A side note on software packages: we have had requests for tests on software such as ANSYS, or other professional grade software. The downside of testing this software is licensing and scale. Most of these companies do not particularly care about us running tests, and state it’s not part of their goals. Others, like Agisoft, are more than willing to help. If you are involved in these software packages, the best way to see us benchmark them is to reach out. We have special versions of software for some of our tests, and if we can get something that works, and relevant to the audience, then we shouldn’t have too much difficulty adding it to the suite.

Socket, Silicon, Security, Overclocking, Motherboards Core-to-Core Latency: Issues with the Core i5
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  • yankeeDDL - Wednesday, May 20, 2020 - link

    I think the main idea was to show if the CPU was getting in the way when teh GPU is definitely not the bottleneck.
  • mrvco - Wednesday, May 20, 2020 - link

    That's difficult to discern without all the relevant data.. i.e. diminishing returns as the bottle-neck transitions from the CPU to the GPU at typical resolutions and quality settings. I think better of the typical AnandTech reader, but I would hate to think that someone reads this review and extrapolates 720p / medium quality FPS relative performance to 1440p or 2160p at high or ultra settings and blows their build budget on a $400+ CPU and associated components required to power and cool that CPU with little or no improvement in actual gaming performance.
  • dullard - Wednesday, May 20, 2020 - link

    Do we really need this same comment with every CPU review ever? Every single CPU review for years (Decades?) people make that exact same comment. That is why the reviews test several different resolutions already.

    Anandtech did 2 to 4 resolutions with each game. Isn't that enough? Can't you interpolate or extrapolate as needed to whatever specific resolution you use? Or did you miss that there are scroll over graphs of other resolutions in the review.
  • schujj07 - Wednesday, May 20, 2020 - link

    “There are two types of people in this world: 1.) Those who can extrapolate from incomplete data.”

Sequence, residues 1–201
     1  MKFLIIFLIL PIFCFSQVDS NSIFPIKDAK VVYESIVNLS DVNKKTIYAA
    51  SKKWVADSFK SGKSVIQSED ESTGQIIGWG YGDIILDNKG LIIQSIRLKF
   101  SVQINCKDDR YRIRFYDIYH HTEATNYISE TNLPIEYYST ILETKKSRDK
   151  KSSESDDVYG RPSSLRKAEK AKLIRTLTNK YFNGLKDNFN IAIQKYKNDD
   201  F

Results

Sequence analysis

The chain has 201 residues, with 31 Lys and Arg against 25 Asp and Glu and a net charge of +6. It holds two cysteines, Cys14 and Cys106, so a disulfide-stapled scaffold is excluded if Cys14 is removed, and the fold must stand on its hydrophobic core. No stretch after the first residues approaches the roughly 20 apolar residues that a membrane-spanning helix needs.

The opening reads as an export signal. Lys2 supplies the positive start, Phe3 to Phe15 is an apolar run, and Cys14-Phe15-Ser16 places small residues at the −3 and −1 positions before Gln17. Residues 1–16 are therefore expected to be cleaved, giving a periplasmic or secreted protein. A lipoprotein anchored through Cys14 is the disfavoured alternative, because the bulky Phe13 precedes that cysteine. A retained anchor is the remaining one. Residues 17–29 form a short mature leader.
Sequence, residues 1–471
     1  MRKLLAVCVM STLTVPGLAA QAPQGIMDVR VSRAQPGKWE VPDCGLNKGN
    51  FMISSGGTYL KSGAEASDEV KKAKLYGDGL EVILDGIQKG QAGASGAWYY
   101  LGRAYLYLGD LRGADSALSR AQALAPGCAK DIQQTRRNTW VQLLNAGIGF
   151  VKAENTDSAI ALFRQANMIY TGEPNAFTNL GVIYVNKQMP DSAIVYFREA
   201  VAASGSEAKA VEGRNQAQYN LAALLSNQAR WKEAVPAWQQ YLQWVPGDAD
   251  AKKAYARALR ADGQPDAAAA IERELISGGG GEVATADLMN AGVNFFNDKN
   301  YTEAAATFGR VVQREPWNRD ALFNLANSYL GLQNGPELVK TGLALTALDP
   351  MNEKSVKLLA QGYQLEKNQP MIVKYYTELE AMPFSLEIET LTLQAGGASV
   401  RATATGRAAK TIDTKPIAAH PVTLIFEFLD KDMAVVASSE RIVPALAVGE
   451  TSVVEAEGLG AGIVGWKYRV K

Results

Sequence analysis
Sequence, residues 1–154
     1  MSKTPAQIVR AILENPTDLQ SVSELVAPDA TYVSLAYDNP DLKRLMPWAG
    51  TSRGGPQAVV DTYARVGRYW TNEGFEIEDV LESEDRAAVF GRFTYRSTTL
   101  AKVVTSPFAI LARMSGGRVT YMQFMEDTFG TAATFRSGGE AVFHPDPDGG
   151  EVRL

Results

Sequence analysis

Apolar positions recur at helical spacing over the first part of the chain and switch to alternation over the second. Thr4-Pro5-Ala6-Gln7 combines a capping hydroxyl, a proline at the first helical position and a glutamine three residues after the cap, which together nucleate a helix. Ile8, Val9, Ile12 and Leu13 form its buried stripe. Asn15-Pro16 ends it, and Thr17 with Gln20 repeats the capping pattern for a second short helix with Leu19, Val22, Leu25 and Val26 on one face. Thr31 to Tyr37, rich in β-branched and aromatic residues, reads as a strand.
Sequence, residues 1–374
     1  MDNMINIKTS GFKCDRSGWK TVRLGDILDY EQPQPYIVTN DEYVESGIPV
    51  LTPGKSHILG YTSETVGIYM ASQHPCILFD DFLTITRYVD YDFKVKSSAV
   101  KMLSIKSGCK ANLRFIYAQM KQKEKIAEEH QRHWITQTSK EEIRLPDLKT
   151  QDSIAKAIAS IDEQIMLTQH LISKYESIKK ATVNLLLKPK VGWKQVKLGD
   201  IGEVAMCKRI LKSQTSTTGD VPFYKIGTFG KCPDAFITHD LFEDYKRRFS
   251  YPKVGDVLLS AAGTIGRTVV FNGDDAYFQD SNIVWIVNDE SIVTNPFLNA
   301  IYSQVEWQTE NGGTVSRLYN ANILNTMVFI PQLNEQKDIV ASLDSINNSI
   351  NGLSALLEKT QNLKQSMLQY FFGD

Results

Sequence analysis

• diediealldie - Thursday, May 21, 2020 - link

    LMAO you're genius
  • DrKlahn - Wednesday, May 20, 2020 - link

    In some cases they do higher than 1080p and some they don't. I do wish they would include higher resolution in all tests and that the "gaming lead" statements came with the caveat that it's largely only going to be beneficial for those seeking low resolution with very high frame rates. Someone with a 1080p 60Hz monitor likely isn't going to benefit from the Intel platform, nor is someone with a high resolution monitor with eye candy enabled. But the conclusion doesn't really spell that out well for the less educated. And it's certainly not just Anandtech doing this. Seems to be the norm. But you see people parroting "Intel is better for gaming" when in their setup it may not bring any benefit while incurring more cost and being more difficult to cool due to the substantial power use.
  • Spunjji - Tuesday, May 26, 2020 - link

    It's almost like their access is partially contingent on following at least a few of the guidelines about how to position the product. :/
  • mrvco - Wednesday, May 20, 2020 - link

    Granted, 720p and 1080p resolutions are highly CPU dependent when using a modern GPU, but I'm not seeing 1440p at high or ultra quality results which is where things do transition to being more GPU dependent and a more realistic real-world scenario for anyone paying up for mid-range to high-end gaming PCs.
  • Meteor2 - Wednesday, July 15, 2020 - link

    Spend as much as you can on the GPU and pair with a $200 CPU. It’s actually pretty simple.
  • yankeeDDL - Wednesday, May 20, 2020 - link

    I have to say that this fared better than I expected.
    I would definitely not buy one, but kudos to Intel.
    Can't imagine what it means to have a 250W CPU + 200W GPU in a PC next to you while you're playing. Must sound like an airplane.